Kolchak's obvious command experience and a 'kingly quality... that made men eager to place authority in his hands' made him a good choice to send to Omsk to help organize the White Russian forces. A few days after he arrived in Omsk he was appointed as the Minister of War, maintaining his close ties with the British. Kolchak writes about 'the terrifying burden of Supreme Power' and that he thought of himself as 'a fighting man, reluctant to face the problems of state craft.'
Not all the blame for the Kolchak government's inability to win the support of the people can be placed on the incompetence of government officials or on the fact that regular army officers encouraged desertions by their degree of cruelty to their own men. They believed that 'salvation of Russia lay in the whip and only in the whip: the whip in the barracks, the whip in the villages, the whip against the peasants and, in particular the whip against the workers.'
When Kolchak was in the navy, his advisors would have been men who were trained, motivated, and sincere in their careers. The army was one of the inherited problems for the new government. Brutal recruiting techniques filled Kolchak's army with conscripts who would not fight with their hearts and would run if given the opportunity. Poor discipline was not limited to the soldiers. Many of the officers were hiding-out in the bars and restaurants of Omsk instead of fighting on the front, or busy 'swindling the men of food and equipment.' The job of actual fighting went to the non-commissioned officers.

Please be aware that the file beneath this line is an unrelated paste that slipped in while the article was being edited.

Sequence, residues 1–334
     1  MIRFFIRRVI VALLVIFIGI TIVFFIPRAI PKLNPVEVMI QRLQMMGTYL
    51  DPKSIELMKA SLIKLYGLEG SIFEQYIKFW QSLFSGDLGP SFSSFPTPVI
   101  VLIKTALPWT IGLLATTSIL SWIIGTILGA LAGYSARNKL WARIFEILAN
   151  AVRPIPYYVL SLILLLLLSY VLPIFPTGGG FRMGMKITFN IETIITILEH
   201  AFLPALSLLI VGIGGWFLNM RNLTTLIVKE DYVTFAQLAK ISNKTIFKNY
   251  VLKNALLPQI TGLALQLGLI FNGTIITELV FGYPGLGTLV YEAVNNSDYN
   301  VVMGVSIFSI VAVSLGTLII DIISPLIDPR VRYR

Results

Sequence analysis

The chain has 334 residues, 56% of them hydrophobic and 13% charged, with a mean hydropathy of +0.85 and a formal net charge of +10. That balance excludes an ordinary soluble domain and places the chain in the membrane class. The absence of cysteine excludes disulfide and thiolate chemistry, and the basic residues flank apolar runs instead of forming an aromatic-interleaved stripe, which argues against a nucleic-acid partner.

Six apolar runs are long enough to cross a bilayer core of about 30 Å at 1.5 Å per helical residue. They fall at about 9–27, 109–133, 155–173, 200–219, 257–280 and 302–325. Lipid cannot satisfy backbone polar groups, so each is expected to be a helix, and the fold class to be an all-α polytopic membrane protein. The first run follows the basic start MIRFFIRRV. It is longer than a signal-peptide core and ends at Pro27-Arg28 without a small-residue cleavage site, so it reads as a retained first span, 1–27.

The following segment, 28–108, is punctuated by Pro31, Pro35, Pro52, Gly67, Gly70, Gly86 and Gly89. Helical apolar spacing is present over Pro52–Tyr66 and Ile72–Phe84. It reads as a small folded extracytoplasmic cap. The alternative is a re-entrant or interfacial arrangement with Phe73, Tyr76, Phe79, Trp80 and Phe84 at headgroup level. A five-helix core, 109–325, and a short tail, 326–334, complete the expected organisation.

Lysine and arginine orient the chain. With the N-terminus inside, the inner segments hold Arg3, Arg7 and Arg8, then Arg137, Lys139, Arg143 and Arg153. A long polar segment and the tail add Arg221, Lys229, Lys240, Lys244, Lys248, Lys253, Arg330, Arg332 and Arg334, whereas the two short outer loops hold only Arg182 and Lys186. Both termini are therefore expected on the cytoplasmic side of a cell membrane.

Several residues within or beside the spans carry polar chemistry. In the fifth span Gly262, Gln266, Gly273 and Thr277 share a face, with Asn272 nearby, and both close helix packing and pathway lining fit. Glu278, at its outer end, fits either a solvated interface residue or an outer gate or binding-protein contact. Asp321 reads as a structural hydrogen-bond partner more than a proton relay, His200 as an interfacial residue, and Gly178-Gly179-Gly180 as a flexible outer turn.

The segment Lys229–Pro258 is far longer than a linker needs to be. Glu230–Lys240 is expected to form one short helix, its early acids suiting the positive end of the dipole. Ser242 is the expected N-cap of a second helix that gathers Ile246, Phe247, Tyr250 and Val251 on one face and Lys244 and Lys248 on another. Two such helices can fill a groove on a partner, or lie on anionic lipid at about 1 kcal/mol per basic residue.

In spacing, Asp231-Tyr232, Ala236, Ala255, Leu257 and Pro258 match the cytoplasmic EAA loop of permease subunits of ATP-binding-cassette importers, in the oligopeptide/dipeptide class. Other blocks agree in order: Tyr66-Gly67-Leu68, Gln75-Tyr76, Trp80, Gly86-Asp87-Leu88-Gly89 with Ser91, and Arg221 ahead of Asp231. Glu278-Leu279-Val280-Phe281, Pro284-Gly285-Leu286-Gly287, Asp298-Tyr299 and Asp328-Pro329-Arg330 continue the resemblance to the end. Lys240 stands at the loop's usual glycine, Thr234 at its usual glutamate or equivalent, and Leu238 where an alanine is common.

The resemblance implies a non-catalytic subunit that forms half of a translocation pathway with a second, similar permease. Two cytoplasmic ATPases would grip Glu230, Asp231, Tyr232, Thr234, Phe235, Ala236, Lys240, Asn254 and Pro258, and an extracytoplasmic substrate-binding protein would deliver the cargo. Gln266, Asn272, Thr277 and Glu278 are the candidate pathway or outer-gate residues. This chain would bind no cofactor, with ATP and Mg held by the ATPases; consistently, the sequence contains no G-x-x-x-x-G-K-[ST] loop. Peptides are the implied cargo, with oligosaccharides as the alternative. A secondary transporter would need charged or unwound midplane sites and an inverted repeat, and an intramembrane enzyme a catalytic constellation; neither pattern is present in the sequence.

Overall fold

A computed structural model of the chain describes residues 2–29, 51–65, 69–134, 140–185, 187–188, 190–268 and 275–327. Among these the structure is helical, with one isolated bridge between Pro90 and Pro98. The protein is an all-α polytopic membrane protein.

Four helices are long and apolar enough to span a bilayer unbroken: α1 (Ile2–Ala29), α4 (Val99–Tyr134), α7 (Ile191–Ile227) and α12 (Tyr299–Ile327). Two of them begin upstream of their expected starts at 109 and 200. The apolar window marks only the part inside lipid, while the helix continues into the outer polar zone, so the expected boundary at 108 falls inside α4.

Some of the blame for the fall of the Kolchak government can even be placed on the British government and the other allies who pushed Kolchak into the role of Supreme Ruler. Perhaps he'd been selected because he was the strongest option. In Admiral Kolchak's defense, is is possible that no one may have been able to control the many and varied intrigues and political agendas, the insubordination of army officers, and the lack of support by the population.
Kolchak was turned over to the Red Army by Czech forces while he was traveling eastward to Vladivstok. The allies had sufficient strength to free Kolchak but chose not to.
The White government represented all that was unpopular with the Monarchy. Nepotism, corruption, brutality, greed and incompetence spread and grew until it took on a life of its own and became uncontrollable. Admiral Kolchak ended his ill-fated political career with the same courage that he showed in Sevastpol Harbor, when he threw his sword into the sea rather than submit to the orders of those he thought beneath him.
After being interrogated by the Bolsheviks, he was led out into the cold Siberian pre-dawn for execution. True to his nature he remained outwardly calm as he faced a firing squad, even refusing a blindfold."
- Fedor Babanine
Here are two trailers - the first one has English subtitles, and the second is in Russian only. Enjoy!